BBC NEWS Americas Africa Europe Middle East South Asia Asia Pacific Chinese Vietnamese Burmese Thai Indonesian
BBCi NEWS   SPORT   WEATHER   WORLD SERVICE   A-Z INDEX     

BBC News World Edition
 You are in: Asia-Pacific  
News Front Page
Africa
Americas
Asia-Pacific
Europe
Middle East
South Asia
UK
Business
Entertainment
Science/Nature
Technology
Health
-------------
Talking Point
-------------
Country Profiles
In Depth
-------------
Programmes
-------------
BBC Sport
BBC Weather
SERVICES
-------------
LANGUAGES
EDITIONS
Thursday, 1 August, 2002, 03:35 GMT 04:35 UK
Young Japanese go for Go
A Japanese boy plays Go with an elderly man
Children are taking over the "game for grandfathers"
The BBC's Charles Scanlon

It was popular in Japan for more than 1,000 years, but in recent decades the ancient board game of Go went into sad decline.

Some 80% of regular players were over 60 and the numbers were dwindling.


You really have to use your brain to play Go, not like computer games

Seiya Kitabatake, nine-year-old player

But everything changed when a children's comic featured a story about a boy inspired to take up the game.

It is now a craze for youngsters that is beginning to rival computer games.

The old folks used to have it all their own way but now their dominance is under threat with youthful challengers infiltrating clubs across Japan.

Youth revival

An age-old game of territorial expansion using simple black and white counters, Go was seen as a game for grandfathers but now it is enjoying a remarkable revival.

Like many nine-year-olds, Seiya Kitabatake is fond of his video games.

A Japanese girl plays Go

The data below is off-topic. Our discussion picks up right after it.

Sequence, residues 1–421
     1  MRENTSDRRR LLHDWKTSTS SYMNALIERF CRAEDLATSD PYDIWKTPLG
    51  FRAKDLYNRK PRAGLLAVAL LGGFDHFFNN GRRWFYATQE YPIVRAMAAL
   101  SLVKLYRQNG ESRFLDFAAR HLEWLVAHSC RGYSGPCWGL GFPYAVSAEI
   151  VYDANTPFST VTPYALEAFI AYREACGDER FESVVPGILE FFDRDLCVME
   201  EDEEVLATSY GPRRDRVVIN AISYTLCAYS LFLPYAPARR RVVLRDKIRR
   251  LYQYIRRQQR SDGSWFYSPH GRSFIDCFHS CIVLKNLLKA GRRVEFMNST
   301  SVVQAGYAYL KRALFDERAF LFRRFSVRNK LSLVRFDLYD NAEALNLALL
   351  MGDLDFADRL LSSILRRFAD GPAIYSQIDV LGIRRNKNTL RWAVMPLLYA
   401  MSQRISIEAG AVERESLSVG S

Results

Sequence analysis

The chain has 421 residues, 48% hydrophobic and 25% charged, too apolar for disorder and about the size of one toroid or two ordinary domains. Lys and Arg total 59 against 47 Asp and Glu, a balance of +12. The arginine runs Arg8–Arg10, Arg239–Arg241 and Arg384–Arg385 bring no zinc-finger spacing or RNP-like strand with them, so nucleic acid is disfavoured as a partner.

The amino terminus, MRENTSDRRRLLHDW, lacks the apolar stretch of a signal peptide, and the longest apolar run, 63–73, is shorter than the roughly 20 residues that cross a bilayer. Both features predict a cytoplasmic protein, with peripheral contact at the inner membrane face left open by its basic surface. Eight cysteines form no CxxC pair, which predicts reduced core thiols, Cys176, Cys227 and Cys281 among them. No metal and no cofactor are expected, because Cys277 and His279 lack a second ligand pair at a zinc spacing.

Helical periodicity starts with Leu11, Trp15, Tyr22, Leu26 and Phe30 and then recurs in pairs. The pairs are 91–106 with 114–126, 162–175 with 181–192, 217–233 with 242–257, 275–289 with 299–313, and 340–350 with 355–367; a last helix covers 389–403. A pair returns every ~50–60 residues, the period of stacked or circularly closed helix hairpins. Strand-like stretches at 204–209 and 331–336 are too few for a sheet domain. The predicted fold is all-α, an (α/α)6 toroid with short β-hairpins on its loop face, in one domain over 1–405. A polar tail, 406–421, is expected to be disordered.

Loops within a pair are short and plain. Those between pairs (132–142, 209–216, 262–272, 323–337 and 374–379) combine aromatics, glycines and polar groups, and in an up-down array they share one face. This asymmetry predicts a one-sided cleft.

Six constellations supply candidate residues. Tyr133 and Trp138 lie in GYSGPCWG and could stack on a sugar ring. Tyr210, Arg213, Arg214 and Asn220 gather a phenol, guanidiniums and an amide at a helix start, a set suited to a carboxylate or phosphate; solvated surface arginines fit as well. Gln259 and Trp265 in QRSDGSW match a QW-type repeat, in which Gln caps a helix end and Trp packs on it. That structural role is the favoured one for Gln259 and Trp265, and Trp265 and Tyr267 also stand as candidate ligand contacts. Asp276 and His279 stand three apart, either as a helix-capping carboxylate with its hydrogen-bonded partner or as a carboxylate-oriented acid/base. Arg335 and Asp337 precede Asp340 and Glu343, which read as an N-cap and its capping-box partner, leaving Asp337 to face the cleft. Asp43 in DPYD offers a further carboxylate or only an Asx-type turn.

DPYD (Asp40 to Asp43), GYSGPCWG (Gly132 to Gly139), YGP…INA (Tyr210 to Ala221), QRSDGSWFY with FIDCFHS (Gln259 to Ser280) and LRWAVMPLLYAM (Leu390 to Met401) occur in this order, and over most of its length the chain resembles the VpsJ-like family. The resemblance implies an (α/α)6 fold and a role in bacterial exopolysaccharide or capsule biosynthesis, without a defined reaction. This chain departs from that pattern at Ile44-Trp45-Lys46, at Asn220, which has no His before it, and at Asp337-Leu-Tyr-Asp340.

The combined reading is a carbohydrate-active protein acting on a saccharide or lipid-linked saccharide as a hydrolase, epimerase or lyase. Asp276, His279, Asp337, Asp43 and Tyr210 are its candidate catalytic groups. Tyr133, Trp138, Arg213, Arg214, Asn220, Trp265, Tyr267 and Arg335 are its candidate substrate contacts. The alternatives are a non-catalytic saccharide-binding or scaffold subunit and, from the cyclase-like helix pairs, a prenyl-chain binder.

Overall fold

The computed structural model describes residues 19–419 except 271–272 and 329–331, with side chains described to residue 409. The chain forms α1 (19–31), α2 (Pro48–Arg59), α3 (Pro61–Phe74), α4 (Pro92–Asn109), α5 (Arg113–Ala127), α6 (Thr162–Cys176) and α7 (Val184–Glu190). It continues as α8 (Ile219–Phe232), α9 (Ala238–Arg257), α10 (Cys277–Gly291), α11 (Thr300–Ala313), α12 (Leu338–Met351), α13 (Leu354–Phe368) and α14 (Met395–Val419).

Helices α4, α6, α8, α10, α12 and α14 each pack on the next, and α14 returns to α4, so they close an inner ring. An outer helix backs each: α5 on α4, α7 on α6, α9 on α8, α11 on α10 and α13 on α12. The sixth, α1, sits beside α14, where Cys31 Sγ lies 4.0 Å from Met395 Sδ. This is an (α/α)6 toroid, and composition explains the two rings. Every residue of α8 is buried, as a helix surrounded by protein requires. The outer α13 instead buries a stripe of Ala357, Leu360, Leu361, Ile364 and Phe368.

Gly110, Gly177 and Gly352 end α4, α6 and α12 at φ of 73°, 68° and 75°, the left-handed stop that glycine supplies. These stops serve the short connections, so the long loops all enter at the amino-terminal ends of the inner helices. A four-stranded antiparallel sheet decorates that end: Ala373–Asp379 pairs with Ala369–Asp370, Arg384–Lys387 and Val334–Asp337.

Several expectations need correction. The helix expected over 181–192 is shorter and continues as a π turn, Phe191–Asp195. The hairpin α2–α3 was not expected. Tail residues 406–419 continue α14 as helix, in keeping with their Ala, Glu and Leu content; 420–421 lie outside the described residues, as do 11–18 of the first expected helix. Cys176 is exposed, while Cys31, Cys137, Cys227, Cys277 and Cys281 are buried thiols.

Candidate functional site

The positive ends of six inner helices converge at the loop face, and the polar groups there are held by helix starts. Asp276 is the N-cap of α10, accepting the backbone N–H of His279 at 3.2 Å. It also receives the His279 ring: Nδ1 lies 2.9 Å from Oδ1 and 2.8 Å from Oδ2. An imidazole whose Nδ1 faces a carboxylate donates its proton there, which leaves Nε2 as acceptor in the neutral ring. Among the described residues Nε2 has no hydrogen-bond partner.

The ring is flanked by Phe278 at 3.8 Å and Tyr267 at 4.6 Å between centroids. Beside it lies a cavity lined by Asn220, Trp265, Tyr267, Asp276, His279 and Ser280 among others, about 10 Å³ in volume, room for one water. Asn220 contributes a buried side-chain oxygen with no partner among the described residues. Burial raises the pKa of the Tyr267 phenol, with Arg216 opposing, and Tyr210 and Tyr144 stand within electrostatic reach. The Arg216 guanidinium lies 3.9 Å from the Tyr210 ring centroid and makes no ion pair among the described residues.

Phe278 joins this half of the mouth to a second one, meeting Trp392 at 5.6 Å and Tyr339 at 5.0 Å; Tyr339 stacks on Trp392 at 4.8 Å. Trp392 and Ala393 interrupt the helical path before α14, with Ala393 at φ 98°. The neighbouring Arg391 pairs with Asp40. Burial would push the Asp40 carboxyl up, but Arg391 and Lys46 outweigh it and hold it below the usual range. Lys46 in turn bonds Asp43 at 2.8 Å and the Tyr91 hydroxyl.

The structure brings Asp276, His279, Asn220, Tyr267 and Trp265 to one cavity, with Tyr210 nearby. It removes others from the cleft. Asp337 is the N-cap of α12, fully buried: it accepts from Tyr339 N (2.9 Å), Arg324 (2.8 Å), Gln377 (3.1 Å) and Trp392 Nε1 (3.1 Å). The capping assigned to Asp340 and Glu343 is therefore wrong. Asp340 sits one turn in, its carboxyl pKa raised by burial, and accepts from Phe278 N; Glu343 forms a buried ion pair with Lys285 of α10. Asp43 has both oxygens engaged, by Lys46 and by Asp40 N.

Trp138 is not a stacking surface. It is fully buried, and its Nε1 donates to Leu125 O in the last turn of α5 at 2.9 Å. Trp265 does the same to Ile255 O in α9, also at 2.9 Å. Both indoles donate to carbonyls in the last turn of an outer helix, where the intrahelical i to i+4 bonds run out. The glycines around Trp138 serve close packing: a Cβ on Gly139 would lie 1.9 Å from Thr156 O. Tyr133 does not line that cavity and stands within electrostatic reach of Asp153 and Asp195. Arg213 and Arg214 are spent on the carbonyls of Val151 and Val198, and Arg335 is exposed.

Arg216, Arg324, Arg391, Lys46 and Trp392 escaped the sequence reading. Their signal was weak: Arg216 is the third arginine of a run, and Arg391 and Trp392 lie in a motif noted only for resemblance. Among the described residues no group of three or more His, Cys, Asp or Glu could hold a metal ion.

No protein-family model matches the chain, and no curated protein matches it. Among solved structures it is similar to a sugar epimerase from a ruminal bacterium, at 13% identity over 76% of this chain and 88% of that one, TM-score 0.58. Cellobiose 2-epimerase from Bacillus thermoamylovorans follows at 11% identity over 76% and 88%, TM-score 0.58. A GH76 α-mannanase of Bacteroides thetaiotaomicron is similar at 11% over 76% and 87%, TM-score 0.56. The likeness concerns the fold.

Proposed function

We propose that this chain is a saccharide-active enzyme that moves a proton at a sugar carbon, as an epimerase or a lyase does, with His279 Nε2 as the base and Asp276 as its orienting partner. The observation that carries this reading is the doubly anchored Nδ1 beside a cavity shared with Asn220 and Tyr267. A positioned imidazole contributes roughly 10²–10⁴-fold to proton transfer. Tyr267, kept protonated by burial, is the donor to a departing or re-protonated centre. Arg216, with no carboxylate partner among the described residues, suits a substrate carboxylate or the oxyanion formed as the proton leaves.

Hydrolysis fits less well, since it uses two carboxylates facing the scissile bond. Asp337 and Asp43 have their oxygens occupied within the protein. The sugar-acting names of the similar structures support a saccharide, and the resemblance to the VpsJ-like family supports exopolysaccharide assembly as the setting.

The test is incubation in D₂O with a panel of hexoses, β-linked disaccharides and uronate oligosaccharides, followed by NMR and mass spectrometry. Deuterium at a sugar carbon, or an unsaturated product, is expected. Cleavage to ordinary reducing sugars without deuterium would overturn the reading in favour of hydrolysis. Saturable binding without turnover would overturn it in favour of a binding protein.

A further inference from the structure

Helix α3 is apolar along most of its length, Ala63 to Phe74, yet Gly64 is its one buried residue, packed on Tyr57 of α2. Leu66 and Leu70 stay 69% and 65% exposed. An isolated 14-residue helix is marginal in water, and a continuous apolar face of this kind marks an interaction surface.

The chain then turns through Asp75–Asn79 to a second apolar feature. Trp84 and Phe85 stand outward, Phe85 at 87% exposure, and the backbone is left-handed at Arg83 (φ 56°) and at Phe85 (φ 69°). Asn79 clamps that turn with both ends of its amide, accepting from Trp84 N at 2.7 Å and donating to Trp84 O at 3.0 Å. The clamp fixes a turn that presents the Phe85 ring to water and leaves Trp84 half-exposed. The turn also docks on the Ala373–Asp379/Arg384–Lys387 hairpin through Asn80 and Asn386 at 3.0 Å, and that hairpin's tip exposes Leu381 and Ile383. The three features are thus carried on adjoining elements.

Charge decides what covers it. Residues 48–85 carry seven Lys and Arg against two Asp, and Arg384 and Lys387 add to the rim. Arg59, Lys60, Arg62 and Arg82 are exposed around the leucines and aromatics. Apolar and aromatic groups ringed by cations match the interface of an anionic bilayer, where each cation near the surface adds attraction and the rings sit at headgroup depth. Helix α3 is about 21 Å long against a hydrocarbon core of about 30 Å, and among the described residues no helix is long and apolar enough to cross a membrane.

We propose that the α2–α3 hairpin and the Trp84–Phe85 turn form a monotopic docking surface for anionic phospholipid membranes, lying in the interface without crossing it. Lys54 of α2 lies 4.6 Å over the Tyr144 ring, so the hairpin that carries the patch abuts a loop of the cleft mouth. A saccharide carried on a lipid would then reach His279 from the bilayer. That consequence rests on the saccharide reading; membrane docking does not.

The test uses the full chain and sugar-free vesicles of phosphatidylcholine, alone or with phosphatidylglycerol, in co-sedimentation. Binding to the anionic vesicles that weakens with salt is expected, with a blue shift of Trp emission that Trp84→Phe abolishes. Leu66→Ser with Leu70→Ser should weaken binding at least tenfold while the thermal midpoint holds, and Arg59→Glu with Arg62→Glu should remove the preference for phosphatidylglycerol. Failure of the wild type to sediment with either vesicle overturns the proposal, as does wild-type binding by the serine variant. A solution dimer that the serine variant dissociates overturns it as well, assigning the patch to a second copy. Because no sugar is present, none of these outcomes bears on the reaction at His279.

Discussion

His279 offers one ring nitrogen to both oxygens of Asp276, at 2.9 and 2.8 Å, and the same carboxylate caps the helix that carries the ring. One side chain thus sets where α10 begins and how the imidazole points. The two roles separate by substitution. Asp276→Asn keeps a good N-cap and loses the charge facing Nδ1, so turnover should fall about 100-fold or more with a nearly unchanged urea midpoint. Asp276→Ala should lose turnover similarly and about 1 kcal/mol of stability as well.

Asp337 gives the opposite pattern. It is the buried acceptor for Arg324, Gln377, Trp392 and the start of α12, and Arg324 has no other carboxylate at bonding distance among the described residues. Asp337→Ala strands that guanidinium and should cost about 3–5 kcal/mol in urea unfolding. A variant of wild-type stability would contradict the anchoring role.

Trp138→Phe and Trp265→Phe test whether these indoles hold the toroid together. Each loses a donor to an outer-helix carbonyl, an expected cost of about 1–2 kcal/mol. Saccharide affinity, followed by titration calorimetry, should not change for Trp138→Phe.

Parents are happy that their children are playing Go instead of video games
But the computer console now has competition - a board game invented in China 4,000 years ago.

"You really have to use your brain to play Go, not like computer games," Seiya said.

"You need a good strategy to win."

It all began when a popular comic introduced a story about the game.

The spirit of an ancient master helped a young boy overcome his problems.

And when an animated cartoon was released last year, tens of thousands of children started signing up for classes.

On the first day of the school holidays, Seiya is ready for a marathon session.

Patience and courtesy

It is a complex and absorbing game with endless variations.

In the land of Pokemon and comics, the craze for an ancient boardgame is as welcome as it is surprising.


It really used to be an old person's game - it's amazing how much the kids know about it

Yukari Umezawa,
National Go Association
Parents worry that videogames lead to irritability and a short attention span.

Go, by contrast, is seem as promoting the traditional Japanese virtues of patience and courtesy.

Yukari Umezawa has star status with the young enthusiasts, for she is the technical adviser for the cartoon and helps promote the game on behalf of the National Go Association.

"It's extraordinary how many children sign up for classes these days," she said.

"It really used to be an old person's game - it's amazing how much the kids know about it.

"They already know a lot of the technical terms before they turn up."

Even children under the age of seven can take a masterclass, and advocates say the game helps brain development and creativity.

And perhaps in a few weeks, these children could be giving their grandparents a run for their money.

Internet links:


The BBC is not responsible for the content of external internet sites

Links to more Asia-Pacific stories are at the foot of the page.


E-mail this story to a friend

Links to more Asia-Pacific stories

© BBC ^^ Back to top

News Front Page | Africa | Americas | Asia-Pacific | Europe | Middle East |
South Asia | UK | Business | Entertainment | Science/Nature |
Technology | Health | Talking Point | Country Profiles | In Depth |
Programmes